Tax compliance and payroll
How do multinational companies today:
- Navigate the intricate and dynamic nature of national and regional tax regulations;
- Control risk against a vast, global backdrop
- Coordinate assignees' taxes; and
- Find the right technology to help manage it all.
Achieving these goals can seem daunting, but it’s not impossible. PwC’s International Assignment Services (IAS) practice helps companies address:
- Home and host country tax filing requirements
- Permanent establishment risks created by international assignees
- Global compensation reporting and payroll withholding
- Individual tax compliance risk management
- Nonresident tax filing requirements
- Cost management
- Accounting for assignment costs
- Global equity tax planning and trailing liability management
- Tax-efficient employment structures
- Technology to support accurate and timely compensation for employees working abroad
PwC’s global tax network has the technical knowledge and practical experience to help you address your most complex tax positions and tax authority controversies. We have extensive experience resolving issues related to:
- Short-term assignees,
- Frequent business travelers,
- Tax treaty matters,
- Transfer pricing for cross-border labor, and
- Information reporting (e.g., FBARs, FATCA, Subpart F), expatriation, foreign tax credits, treaty issues, and foreign-earned income and housing exclusions.
Corporate (PE) risk
The international relocation of ‘employees’ on short and long-term assignments (typically anywhere from 3 months to 5 years) may create so-called permanent establishment (PE) risk for the enterprise. Companies may fail to establish or enforce guidelines designed to limit the creation of a taxable presence for the home country ‘employer’. The actual presence of the individual in a foreign jurisdiction may create an unintended taxable presence.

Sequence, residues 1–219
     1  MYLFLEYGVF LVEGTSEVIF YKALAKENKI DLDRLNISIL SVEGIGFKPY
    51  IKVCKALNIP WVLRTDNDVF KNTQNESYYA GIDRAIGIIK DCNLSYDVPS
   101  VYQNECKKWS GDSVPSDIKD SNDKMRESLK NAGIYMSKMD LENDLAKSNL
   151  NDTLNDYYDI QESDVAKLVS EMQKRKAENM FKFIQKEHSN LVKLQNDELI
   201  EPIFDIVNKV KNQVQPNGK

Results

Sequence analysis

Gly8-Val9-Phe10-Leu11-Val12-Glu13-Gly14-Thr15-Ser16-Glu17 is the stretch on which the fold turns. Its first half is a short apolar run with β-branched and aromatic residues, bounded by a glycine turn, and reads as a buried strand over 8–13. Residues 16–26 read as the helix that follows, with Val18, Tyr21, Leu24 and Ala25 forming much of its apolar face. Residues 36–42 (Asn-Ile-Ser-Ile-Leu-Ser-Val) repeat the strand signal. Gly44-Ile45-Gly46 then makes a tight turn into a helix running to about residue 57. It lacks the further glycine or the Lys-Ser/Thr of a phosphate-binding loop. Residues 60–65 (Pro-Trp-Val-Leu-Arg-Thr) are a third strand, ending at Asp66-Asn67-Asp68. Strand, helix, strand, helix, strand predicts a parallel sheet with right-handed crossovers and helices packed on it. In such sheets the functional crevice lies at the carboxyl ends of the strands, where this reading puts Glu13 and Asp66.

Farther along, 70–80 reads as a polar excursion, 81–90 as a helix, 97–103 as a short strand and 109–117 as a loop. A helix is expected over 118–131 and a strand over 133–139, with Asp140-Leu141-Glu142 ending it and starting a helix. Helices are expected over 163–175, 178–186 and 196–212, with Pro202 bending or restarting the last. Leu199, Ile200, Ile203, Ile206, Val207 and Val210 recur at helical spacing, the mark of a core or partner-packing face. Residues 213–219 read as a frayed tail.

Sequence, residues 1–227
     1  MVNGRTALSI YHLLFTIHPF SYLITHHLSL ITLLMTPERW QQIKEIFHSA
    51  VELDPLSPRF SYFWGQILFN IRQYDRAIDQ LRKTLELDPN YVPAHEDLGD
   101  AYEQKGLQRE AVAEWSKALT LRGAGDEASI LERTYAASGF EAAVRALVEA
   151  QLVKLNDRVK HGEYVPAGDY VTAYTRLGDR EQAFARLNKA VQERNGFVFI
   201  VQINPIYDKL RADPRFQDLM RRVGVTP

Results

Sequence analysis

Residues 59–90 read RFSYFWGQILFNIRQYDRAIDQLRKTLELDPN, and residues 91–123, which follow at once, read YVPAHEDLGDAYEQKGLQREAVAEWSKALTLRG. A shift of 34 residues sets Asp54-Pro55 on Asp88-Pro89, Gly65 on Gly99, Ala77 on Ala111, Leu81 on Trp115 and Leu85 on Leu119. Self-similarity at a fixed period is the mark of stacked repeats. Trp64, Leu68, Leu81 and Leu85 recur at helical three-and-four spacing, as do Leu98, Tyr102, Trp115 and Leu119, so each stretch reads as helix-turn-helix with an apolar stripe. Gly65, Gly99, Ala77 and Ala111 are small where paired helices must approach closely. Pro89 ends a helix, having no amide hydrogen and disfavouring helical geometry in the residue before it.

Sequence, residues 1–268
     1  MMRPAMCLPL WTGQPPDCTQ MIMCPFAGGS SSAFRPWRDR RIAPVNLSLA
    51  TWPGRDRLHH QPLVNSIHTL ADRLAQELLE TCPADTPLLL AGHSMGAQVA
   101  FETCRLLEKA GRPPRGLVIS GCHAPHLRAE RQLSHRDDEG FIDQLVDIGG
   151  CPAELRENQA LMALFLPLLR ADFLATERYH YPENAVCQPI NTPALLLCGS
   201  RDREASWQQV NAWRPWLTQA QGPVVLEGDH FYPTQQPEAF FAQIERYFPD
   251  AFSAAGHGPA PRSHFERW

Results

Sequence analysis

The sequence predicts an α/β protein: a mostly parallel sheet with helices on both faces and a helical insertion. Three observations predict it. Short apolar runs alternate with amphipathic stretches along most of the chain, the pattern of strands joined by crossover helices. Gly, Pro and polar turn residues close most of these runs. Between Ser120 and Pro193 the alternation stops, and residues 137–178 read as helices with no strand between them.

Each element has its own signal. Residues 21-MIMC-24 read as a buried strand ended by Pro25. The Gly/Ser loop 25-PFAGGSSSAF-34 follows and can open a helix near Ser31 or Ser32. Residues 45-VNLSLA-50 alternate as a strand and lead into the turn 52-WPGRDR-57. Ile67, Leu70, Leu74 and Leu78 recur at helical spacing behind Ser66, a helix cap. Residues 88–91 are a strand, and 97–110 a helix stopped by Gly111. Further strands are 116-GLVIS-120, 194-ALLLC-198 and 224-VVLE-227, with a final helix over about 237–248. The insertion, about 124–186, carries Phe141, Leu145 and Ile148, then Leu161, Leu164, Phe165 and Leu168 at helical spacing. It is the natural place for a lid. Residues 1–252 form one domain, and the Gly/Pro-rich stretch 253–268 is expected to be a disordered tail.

Corporate tax departments need to understand the structure and nature of temporary international work assignments. How many employees will be working in a particular location? What activities will they be doing? What is the duration of time in-country as well as the long-term plan for operations there? All of these factors are necessary to gauge the level of enterprise tax risk by jurisdiction. Working with HR departments and monitoring this risk for global mobility programs should be a fundamental part of the corporate tax department’s risk management activities.
A global economy requires a global business strategy, which invariably involves the need to move your most important asset -- your people -- fluidly and expeditiously across borders.
But today there’s much more to a global mobility strategy than securing work visas and residency permits, and assuring unimpeded business travel -- as critical as those functions are. Business planning also requires you to take a strategic approach to immigration, which means having your finger on the pulse of pending immigration changes across multiple countries and regions -- and often having your voice heard by policymakers.
As government tax and immigration departments increasingly share information about multinationals, it makes sense to work with a legal services provider with a marquee brand, government know-how, and a global reach who can provide effective, integrated immigration and tax advice -- saving you time and expense, and streamlining processes.
Growing your business often means moving employees between countries – and that means fulfilling local social security obligations. In an environment where regulations change continuously and scrutiny from the authorities is on the rise, it’s becoming harder to get it right.
Our worldwide network of social security experts maintains close links with government authorities to keep you up to date on social security developments and to help you to reduce your risks.